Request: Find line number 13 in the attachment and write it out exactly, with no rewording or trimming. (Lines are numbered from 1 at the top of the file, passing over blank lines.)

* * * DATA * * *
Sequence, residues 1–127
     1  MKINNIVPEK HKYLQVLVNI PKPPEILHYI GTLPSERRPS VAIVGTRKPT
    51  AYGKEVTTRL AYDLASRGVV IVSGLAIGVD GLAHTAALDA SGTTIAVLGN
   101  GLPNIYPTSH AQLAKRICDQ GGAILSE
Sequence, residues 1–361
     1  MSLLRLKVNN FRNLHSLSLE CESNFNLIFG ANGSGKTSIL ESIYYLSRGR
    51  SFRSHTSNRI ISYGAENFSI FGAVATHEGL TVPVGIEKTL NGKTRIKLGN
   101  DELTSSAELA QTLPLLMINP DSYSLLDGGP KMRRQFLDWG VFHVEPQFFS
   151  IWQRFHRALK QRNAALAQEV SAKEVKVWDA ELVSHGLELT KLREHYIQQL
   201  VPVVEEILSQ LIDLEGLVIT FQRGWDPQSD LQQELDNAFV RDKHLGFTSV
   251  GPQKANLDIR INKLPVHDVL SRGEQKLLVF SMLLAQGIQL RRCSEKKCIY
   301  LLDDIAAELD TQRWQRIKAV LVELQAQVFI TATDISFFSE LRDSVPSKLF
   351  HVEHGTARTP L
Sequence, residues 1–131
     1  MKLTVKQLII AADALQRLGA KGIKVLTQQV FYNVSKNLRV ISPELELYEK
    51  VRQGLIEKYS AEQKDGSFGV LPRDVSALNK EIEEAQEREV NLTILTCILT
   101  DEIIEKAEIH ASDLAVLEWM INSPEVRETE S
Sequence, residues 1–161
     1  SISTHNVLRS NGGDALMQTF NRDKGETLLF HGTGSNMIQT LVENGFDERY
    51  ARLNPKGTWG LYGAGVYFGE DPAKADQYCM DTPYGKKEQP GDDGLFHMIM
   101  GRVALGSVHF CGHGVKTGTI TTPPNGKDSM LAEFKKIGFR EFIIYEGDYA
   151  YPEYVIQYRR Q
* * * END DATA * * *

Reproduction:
   351  HVEHGTARTP L